Over the weekend, Mike Bloomberg made waves, Amy Klobuchar and Tulsi Gabbard announced cold-weather gear, and Andrew Yang complained about the debates.
For all new readers: Welcome! I am currently on the mailing lists of 1 candidate for the Democratic Presidential Nomination, but I’ve been on 28 mailing lists! This blog breaks down recent emails with charts and excerpts. If you already know all of this, feel free to skip to the next chart!
I signed up to all mailing lists either on May 21 or the day the candidate announced, whichever was later. Using a different email address, I have donated at least $1 to all candidates who have been on a debate stage (I have given additional donations to my preferred candidates through my personal email, but the campaigns have linked the two accounts together and may ask for more as a result).
When showing breakdowns by campaigns, there will usually be 2 numbers. Emails to my non-donor account will be indicated by a darker color/top bar in horizontal bar charts. Emails to my donor account will be indicated by a lighter color/bottom bar.
Unless otherwise specified, all other charts combine the donor and non-donor numbers, as they are roughly 1-for-1, so the percentages and relative differences don’t change much. You can divide the numbers in half to get the rough estimate for what someone not signed up twice would be receiving. The rules I try to follow for the various categories are laid out in The Framework.
If you want specific data on any particular day, feel free to drop a comment!
Joe Biden seized the weekend with 8 emails in 2 days, followed by Pete Buttigieg at 6 and Cory Booker and Kamala Harris tying for 5. Mike Bloomberg joined the race with 1 email.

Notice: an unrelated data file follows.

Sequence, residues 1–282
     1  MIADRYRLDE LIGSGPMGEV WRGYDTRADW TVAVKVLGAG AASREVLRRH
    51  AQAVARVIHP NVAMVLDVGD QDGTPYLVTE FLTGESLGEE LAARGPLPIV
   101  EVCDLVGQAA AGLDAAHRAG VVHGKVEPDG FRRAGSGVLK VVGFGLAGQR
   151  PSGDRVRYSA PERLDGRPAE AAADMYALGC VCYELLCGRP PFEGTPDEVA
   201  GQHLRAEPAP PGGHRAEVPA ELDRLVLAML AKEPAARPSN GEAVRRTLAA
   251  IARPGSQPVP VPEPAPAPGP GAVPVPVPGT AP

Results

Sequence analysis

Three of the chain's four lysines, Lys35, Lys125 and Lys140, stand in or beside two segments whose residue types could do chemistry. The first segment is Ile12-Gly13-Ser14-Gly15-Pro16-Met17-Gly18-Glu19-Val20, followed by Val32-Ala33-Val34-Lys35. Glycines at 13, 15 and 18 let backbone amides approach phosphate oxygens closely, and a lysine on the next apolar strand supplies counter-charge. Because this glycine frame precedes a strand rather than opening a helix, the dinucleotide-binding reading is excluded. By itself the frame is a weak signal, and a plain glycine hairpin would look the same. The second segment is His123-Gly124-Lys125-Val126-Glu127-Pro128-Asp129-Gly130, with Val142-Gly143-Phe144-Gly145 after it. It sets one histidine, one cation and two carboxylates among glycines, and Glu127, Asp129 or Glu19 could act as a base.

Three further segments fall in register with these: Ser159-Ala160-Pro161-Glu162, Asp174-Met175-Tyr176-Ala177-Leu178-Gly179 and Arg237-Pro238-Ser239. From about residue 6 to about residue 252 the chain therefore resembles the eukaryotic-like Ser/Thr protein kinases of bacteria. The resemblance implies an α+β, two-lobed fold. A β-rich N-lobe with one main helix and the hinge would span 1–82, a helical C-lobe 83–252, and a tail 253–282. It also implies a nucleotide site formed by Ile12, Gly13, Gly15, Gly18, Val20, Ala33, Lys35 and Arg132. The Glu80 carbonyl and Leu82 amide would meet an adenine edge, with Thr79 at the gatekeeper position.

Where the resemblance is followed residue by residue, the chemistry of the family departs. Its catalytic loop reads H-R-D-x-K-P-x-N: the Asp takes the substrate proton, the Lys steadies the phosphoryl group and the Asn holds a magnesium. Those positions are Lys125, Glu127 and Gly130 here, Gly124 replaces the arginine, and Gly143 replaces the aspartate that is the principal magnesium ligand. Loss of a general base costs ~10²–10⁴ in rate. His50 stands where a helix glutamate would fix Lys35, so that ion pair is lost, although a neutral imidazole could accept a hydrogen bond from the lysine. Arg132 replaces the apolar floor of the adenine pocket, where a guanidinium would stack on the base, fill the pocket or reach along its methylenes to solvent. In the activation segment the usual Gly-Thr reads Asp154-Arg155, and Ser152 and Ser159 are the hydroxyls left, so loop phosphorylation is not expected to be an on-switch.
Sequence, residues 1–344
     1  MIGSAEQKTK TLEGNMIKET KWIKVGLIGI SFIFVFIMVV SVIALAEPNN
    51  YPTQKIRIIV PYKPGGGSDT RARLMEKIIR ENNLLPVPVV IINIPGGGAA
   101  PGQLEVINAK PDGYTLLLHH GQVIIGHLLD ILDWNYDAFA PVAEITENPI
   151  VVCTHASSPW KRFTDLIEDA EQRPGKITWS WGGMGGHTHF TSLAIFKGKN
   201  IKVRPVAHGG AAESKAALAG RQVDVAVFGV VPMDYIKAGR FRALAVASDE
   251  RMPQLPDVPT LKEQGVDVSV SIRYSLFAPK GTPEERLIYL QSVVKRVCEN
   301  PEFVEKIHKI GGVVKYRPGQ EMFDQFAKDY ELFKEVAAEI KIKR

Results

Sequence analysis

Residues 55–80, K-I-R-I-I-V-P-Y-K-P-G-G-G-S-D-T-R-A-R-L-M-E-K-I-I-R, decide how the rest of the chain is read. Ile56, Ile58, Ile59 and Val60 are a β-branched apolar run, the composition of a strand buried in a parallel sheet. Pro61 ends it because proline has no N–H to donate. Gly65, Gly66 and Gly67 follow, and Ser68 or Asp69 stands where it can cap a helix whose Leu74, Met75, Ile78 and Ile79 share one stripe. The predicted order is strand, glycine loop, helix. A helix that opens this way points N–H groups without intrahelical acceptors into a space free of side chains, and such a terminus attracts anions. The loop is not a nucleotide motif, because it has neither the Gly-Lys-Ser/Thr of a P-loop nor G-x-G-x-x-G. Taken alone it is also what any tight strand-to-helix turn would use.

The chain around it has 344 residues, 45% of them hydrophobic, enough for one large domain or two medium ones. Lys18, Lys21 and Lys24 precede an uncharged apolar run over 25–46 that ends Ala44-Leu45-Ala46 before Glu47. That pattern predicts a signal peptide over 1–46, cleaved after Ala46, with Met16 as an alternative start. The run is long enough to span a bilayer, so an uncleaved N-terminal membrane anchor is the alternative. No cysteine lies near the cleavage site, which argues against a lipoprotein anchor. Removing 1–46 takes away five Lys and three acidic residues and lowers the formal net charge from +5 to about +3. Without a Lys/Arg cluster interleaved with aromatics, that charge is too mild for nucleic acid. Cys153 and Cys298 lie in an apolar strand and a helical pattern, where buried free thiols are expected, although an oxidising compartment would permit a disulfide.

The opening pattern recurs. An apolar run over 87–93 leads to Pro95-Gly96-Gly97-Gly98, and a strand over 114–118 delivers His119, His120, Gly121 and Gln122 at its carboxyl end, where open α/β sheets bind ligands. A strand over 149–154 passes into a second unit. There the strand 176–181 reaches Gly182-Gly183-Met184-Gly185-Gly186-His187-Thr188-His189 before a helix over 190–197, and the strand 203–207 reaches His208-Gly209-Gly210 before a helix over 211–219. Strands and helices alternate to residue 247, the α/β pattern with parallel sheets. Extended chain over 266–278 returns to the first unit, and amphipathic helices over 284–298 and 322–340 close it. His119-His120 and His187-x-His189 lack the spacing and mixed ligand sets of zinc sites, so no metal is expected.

The weekend was fairly balanced between Saturday and Sunday. Saturday received only one extra email.
Pete Buttigieg has already started up a debate contest for December, though his isn’t the first campaign to do so. Tom Steyer had tickets for the December debates as a potential prize for people who donated… and Steyer hasn’t even qualified for December yet. He’s still trying to get the necessary donors. At least Buttigieg is offering tickets to an event he’ll definitely be present at!
Mike Bloomberg entered the primary race on Sunday, but he was already being talked about the most. Cory Booker pointed out a fact from a New York Times article:
“The scope of Mr. Bloomberg’s ad buy is staggering. It costs more than some smaller campaigns have spent all year on advertising, and more than what Senator Cory Booker had raised in donations from February through the end of September.”New York Times
Julian Castro also lashed out at Bloomberg for his ad buys.
As I’m sure you’ve seen by now, Billionaire Mayor Bloomberg has entered the 2020 Presidential race.
You know what that means:
– TV airwaves will be flooded with his ads.Julian Castro
– He pledged to spend $100 million on Facebook alone.
– Like Trump, the news is going to give him endless free media (not that they need it.)
Steve Bullock was also upset about yet more Big Money coming into the Democratic primary.
Billionaire Michael Bloomberg just announced he’s running for President.
He’s already vowed to spend a whopping $30 MILLION on TV ads — just in one week!
Now that Bloomberg is dominating the airwaves, it’s more important than ever that we keep our ads on the air.